Tampa Bay's victory was historic because the Devil Rays became the first 101-loss team to take a series from a first-place squad since the 1964 New York Mets. The second-place Red Sox were idle Thursday, but climbed to within nine games of the Yankees with 10 to play.
The Minnesota Twins (89-63) have already clinched their first postseason berth in 11 years by the American League Central title. It is Minnesota's sixth postseason berth but first since winning the 1991 World Series.
The AL West remained the league's best race Thursday as the A's regained sole possession of first place with a 5-3 victory over the Anaheim Angels.
Oakland can wrap up a playoff berth Friday with a win over Texas, coupled with a loss by the Seattle Mariners to the Angels.
Cards go after NL Central crown
ST. LOUIS, Sept. 20 (UPI) -- The St. Louis Cardinals, who have endured a trying campaign, can clinch their third straight National League Central title Friday night if they beat the Houston Astros in the opener of a three-game series at Busch Stadium.
A three-game sweep of the Colorado Rockies has given the Cardinals an 8 1/2-game lead over the Astros with 10 to play. St. Louis (89-63) also has won 13 of its last 15 games.
The division title would come in a year marked by a series of tragedies in the organization. Pitcher Darryl Kile died of a heart attack in June, just days after legendary broadcaster Jack Buck passed away after a long illness.
"I can feel it, definitely," said second baseman Fernando Vina, who had his 12th three-hit game of the season in Thursday's 12-6 win at Colorado. "We all can feel it. It's been a tough year for us with the things that have happened, so it's going to be really special. Hopefully, we can not get too happy yet, but keep going hard and when it happens, it's going to be something special."
The Cardinals have persevered by using 26 pitchers, including 14 starters, this season. Rookie Jason Simontacchi and veteran Andy Benes have been a major factor in stabilizing the rotation.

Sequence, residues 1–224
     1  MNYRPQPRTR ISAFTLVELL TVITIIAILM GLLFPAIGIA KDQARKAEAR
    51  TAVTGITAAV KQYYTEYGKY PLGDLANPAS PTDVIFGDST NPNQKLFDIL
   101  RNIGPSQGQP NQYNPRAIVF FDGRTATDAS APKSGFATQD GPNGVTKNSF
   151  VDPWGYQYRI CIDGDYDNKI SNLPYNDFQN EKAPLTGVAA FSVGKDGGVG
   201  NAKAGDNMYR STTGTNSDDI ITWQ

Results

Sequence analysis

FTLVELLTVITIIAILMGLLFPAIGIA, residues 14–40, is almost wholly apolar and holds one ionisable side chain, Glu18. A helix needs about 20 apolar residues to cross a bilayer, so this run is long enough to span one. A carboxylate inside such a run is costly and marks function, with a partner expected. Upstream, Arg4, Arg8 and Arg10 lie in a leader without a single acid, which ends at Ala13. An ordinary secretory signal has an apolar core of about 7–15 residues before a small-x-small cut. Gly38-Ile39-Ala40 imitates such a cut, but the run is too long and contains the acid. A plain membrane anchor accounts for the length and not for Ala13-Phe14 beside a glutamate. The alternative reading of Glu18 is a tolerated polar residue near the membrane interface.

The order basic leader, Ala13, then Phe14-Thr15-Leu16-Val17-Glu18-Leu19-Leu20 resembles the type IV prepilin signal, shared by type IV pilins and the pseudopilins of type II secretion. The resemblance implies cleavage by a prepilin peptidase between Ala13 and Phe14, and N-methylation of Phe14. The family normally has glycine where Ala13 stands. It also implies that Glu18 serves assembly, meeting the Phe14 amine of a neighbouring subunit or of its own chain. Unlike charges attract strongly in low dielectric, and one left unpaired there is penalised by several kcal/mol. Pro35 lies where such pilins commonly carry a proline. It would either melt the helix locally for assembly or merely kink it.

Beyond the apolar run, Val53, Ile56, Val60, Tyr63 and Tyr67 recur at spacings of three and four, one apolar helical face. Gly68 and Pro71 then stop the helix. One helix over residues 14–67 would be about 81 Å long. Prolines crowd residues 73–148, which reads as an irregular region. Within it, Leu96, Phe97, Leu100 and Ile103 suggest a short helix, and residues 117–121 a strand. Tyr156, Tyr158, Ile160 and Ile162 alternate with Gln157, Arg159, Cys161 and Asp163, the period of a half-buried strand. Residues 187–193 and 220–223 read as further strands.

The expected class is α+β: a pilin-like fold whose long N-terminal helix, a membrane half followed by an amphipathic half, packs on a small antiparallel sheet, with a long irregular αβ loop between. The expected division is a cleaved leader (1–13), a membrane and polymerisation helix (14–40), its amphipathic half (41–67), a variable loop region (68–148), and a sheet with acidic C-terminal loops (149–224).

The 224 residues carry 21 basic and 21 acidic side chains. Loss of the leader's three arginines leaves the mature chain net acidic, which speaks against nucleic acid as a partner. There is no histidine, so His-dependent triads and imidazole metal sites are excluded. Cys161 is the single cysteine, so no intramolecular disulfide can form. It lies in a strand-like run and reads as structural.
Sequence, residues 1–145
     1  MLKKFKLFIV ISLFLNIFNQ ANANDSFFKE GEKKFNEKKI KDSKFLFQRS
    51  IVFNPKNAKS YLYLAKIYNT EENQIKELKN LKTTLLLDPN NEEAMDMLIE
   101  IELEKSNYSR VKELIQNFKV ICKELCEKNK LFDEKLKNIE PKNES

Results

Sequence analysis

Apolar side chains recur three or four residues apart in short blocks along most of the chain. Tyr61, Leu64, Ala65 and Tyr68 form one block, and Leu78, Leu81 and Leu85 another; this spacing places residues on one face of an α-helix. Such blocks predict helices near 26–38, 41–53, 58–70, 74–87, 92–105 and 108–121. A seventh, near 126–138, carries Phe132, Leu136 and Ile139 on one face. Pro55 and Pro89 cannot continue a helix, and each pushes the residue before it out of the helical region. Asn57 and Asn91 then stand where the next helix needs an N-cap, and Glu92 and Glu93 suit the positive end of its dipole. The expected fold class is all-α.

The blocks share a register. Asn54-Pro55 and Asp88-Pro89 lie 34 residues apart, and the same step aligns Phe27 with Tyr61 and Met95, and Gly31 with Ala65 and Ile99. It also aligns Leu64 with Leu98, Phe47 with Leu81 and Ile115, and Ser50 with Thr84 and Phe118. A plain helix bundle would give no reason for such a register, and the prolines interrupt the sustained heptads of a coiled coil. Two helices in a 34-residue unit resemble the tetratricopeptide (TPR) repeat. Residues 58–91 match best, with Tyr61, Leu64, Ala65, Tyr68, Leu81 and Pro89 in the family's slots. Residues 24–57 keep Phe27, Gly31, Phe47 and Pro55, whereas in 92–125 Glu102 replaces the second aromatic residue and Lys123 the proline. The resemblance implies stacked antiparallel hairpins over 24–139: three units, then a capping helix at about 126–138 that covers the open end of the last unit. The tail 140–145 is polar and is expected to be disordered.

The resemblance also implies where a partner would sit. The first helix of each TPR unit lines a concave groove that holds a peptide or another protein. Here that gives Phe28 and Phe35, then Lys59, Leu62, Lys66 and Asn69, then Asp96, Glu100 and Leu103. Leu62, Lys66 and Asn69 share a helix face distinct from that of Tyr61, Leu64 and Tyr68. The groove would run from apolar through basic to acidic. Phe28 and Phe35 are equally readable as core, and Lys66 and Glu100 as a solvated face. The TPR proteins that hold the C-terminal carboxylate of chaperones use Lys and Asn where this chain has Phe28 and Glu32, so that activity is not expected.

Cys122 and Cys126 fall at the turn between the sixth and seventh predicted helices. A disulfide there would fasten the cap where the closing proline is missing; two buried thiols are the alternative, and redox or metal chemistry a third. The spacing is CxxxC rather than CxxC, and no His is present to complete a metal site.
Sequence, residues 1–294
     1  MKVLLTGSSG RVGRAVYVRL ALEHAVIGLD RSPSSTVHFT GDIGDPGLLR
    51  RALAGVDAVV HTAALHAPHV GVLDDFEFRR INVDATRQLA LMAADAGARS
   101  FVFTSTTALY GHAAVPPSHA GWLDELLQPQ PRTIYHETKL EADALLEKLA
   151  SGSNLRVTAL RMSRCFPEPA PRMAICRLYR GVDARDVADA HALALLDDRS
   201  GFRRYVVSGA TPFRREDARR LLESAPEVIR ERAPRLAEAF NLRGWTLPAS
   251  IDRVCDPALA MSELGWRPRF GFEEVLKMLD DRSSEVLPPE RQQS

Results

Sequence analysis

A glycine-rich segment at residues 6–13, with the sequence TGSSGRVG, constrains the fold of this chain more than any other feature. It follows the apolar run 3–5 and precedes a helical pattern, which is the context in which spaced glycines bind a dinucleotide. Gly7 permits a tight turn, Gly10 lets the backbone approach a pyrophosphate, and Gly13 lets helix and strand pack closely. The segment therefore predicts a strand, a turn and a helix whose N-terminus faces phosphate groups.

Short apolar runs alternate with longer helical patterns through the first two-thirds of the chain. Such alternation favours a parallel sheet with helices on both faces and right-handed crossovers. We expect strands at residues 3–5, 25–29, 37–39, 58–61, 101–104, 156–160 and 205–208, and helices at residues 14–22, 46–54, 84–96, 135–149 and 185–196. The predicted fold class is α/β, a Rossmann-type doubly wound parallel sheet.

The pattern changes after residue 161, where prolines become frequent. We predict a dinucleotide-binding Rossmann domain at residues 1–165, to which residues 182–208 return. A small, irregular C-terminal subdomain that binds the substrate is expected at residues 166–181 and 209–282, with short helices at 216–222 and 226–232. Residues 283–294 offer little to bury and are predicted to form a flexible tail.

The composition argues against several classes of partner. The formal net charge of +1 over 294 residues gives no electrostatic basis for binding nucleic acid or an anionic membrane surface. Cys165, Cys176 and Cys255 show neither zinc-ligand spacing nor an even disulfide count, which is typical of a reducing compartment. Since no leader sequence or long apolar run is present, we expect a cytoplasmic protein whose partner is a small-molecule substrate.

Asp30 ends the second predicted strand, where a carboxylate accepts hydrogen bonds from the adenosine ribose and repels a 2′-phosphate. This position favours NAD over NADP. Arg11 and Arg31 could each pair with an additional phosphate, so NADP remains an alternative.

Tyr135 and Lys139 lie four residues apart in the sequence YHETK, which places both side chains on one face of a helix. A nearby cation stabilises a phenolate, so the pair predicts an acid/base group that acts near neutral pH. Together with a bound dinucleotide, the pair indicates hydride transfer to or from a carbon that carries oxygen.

"I'm not satisfied because our first goal is to get to the playoffs," said Simontacchi. "After that, win the World Series. If I can do anything to help the team, so be it."
Just one other NL team has clinched a division crown. The Atlanta Braves secured an unprecedented 11th straight division title on Sept. 9.
Atlanta lost the NL Championship Series to the Arizona Diamondbacks in five games last season and is trying to return to the World Series for the first time since 1999, when it was swept by the New York Yankees.
Arizona's number to clinch the NL West title is three entering Friday's game at Colorado.
The best race in the NL is for the wild card, where San Francisco holds a one-game lead over Los Angeles. The Giants play at Milwaukee Friday and Los Angeles visits San Diego.
Mets official says drugs not a team problem
NEW YORK, Sept. 20 (UPI) -- New York Mets General Manager Steve Phillips has denied a newspaper report that there is widespread drug use in the organization and that the team would warn star prospects in advance of random testing.
New York Newsday reported Friday that at least seven Mets smoked marijuana this season and that Manager Bobby Valentine acknowledged that he worried about drug use on his team as far back as spring training.
"We have no indication that there is widespread drug use at any level of our organization," Phillips said in a statement released by the team. "The Newsday report is based solely on anonymous sources. We urge these sources to come to us with proof of their accusations so that we can investigate them."
One unnamed source said that star prospects are sometimes warned in advance about drug tests or are let off the hook after failing tests. While major league players are not subject to random testing as stipulated in the collective bargaining agreement, minor leaguers are tested, although results are not released to the public.
"The charge that we warn star prospects in advance of random testing is ridiculous, since we feel that drug use of any kind impairs a player's performance," Phillips said.
Two minor leaguers -- outfielder Rob Stratton and pitcher Erik Hiljus -- were identified as players who failed drug tests.
Newsday reported that former Mets reliever Mark Corey, who was traded to the Colorado Rockies in July, used marijuana before having a seizure outside a hotel near Shea Stadium in June.
Outfielder Tony Tarasco, also traded earlier this summer, was identified as having used marijuana with Corey.